Equine Piroplasmosis Fact Sheet
What is equine piroplasmosis?
Equine piroplasmosis is a tick-borne disease, affecting all equine species, such as horses, mules, donkeys and zebras. Theileria equi (T. equi) and Babesia caballi (B. caballi) are the agents that cause equine piroplasmosis.
Is equine piroplasmosis a risk to human health?
Infected horses pose no risk to humans.
Ticks infected with the parasite may be able to spread the disease to humans through biting, but this has not been proven. Human piroplasmosis is uncommon and is usually associated with different strains of Babesia.
What are the clinical signs of equine piroplasmosis?
The clinical signs of equine piroplasmosis vary and are often non-specific; the disease can easily be confused with other conditions. Equine piroplasmosis can occur in several different forms:
- Per acute: In some per acute cases, animals may be found dead with no previous signs of being sick.
- Acute: The acute form is characterized by fever, loss of appetite, sudden onset of immobility and reluctance to move, and severe lethargy. The fever may subside after one day and become intermittent. Other signs include anemia, jaundice and an enlarged spleen and liver. Severe cases can result in death.
- Sub-acute: Clinical signs in sub-acute cases are similar to acute cases except that affected animals may show weight loss and an intermittent fever.
- Chronic: Chronic cases usually present non-specific clinical signs such as mild loss of appetite, poor performance and loss of body weight. Severe cases can result in death. In young horses and newborn foals the symptoms are more severe.
- Carrier: A large proportion of infected horses are carriers of the disease. These horses show no apparent signs of infection and are the most difficult horses to control in the spread of the disease. Persistent infections of mares may cause abortions. Foals can become infected before birth, resulting in either weak, anemic foals or healthy carrier foals. Carrier horses may become sick when they are stressed or after the administration of immunosuppressive medications.
Where is equine piroplasmosis found?
Equine piroplasmosis has never been found in Canada. However, competent tick vectors do exist in Canada. Equine piroplasmosis is found in parts of Europe, Africa, South and Central America, the Middle East and Asia. The U.S. has reported localized outbreaks in the past few years.
How is equine piroplasmosis transmitted and spread?
Equine piroplasmosis is not directly contagious. It is transferred by blood from an infected animal to a susceptible animal or insect. Ticks are the main vector of transmission as they are a natural host for the parasites. It can also be transmitted by contaminated needles and syringes. Foals can become infected while in the uterus, particularly with T. equi.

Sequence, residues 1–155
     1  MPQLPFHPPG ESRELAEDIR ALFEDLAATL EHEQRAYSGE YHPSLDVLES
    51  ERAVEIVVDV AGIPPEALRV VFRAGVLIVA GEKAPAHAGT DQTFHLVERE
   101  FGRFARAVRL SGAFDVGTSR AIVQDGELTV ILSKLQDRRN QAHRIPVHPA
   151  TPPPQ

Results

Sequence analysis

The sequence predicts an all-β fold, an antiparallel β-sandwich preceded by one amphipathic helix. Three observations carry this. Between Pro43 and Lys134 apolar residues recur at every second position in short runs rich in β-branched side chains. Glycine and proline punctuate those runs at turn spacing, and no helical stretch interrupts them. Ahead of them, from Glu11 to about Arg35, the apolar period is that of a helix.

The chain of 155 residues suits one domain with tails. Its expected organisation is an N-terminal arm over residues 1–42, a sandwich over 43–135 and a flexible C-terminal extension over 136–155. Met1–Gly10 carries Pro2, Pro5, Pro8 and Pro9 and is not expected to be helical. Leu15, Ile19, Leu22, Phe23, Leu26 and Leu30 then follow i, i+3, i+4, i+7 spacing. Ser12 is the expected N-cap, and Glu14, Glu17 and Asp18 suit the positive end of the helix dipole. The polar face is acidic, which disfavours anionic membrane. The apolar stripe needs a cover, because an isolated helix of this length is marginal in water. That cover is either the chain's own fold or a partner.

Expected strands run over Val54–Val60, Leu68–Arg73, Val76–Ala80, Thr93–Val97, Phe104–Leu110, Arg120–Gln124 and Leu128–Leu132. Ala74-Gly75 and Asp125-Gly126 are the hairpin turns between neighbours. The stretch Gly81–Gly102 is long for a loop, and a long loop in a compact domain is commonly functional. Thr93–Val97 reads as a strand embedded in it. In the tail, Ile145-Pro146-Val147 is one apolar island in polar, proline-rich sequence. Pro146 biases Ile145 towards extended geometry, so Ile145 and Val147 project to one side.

Some horses can carry the parasite in their blood for a long time and can act as sources of infection for ticks. Introduction of these carrier animals into disease-free areas can lead to new cases of piroplasmosis if ticks are prevalent.
Infection is seasonal and is most likely to occur shortly after peaks in the tick population. Tick activity tends to increase with warmer temperatures.
The main risk factor for introducing equine piroplasmosis into Canada is through importing infected animals.
How is equine piroplasmosis diagnosed?
The disease is suspected in horses with a history of travel that have anemia, yellowing of the gums or eyes, or fever. Laboratory tests are necessary for a definitive diagnosis.
How is equine piroplasmosis treated?
Equine piroplasmosis can be difficult to treat. New treatment protocols have been established that have shown to be effective in clearing equine piroplasmosis caused by either B. caballi or T. equi.
The medications used to treat piroplasmosis may cause horses to become ill. Side effects include colic, diarrhea and rarely, death.
What is done to protect Canadian livestock from equine piroplasmosis?
The Canadian Food Inspection Agency (CFIA) places strict regulations on the import of animals and animal products from countries where equine piroplasmosis is known to occur. These regulations are enforced through port-of-entry inspections done by both the CFIA and Canada Border Services Agency.
Equine piroplasmosis is a reportable disease under the Health of Animals Act. This means that all suspected cases must be reported to the CFIA for immediate investigation by inspectors.
How would the CFIA respond to an outbreak of equine piroplasmosis in Canada?
Canada's emergency response strategy to an outbreak of equine piroplasmosis would be to:
- eliminate the disease; and
- re-establish Canada's disease-free status as quickly as possible.
In an effort to eliminate equine piroplasmosis, the CFIA may use some or all of the following disease control methods:
- the treatment or humane euthanasia of infected animals;
- surveillance and tracing of potentially infected or exposed animals;
- strict quarantine and animal movement controls to prevent spread; and
- zoning to define infected and disease-free areas.
If an owner has an animal that is ordered euthanized, they may be eligible for compensation.
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